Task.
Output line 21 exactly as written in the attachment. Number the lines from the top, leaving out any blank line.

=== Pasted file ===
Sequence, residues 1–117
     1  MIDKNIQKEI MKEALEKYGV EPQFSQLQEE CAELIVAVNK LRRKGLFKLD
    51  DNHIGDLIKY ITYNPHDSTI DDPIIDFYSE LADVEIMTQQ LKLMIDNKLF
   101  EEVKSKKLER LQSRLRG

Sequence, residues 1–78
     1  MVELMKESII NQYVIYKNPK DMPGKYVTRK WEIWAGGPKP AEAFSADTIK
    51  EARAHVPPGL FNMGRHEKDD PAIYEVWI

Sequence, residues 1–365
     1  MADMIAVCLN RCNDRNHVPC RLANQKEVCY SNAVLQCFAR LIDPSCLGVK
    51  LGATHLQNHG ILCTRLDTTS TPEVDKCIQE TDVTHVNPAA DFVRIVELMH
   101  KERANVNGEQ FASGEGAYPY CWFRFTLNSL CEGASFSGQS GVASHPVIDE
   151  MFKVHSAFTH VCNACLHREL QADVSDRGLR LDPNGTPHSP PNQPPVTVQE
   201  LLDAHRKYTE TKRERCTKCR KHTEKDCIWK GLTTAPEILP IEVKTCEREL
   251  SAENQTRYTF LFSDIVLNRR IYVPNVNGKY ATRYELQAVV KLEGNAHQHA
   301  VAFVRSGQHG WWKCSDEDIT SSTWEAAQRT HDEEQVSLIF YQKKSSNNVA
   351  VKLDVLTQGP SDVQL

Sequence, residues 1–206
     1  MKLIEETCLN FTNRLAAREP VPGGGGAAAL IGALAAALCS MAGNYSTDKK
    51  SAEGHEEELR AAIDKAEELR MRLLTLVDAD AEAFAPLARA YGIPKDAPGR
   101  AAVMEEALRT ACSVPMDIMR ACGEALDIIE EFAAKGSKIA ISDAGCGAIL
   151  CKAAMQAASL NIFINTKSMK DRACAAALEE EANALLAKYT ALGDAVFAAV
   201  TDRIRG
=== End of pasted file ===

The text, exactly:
   151  CKAAMQAASL NIFINTKSMK DRACAAALEE EANALLAKYT ALGDAVFAAV